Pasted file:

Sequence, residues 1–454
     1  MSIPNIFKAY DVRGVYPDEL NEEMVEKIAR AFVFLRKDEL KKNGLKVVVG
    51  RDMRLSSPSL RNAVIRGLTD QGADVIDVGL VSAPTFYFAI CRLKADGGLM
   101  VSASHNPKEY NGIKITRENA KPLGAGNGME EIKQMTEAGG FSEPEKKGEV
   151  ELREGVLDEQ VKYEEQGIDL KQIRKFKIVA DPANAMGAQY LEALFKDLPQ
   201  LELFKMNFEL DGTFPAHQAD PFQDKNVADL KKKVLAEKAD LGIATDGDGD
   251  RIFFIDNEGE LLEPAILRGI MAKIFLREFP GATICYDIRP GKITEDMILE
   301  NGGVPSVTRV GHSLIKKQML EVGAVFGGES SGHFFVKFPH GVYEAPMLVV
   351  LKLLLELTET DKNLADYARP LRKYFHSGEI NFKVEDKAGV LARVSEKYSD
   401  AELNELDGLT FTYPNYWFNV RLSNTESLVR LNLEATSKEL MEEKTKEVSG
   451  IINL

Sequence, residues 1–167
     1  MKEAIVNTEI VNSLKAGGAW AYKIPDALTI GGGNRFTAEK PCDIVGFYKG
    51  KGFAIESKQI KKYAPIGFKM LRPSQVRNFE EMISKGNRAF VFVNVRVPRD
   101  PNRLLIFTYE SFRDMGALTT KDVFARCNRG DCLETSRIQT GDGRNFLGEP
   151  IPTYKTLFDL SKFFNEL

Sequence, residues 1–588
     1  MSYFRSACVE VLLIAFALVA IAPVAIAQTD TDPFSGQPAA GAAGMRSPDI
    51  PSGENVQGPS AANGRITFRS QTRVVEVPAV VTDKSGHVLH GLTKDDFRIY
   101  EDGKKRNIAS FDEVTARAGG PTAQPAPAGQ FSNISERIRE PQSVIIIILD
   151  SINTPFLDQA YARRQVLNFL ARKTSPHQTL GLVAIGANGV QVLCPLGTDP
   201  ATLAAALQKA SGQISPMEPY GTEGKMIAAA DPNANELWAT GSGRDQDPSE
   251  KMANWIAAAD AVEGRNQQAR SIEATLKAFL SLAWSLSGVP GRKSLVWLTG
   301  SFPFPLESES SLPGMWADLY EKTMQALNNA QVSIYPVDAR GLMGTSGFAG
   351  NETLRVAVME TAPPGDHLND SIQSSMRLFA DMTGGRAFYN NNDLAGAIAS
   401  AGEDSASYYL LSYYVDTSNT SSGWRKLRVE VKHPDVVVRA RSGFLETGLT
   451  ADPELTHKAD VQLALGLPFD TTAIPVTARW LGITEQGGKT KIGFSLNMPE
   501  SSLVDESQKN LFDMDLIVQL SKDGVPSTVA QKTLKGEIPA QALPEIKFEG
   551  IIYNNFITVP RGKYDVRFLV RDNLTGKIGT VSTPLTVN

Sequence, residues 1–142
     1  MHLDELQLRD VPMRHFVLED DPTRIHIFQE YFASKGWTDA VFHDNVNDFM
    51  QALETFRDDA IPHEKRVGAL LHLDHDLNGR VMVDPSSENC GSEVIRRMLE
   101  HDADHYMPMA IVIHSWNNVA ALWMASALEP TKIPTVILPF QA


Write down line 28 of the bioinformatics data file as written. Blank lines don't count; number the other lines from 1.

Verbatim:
   501  SSLVDESQKN LFDMDLIVQL SKDGVPSTVA QKTLKGEIPA QALPEIKFEG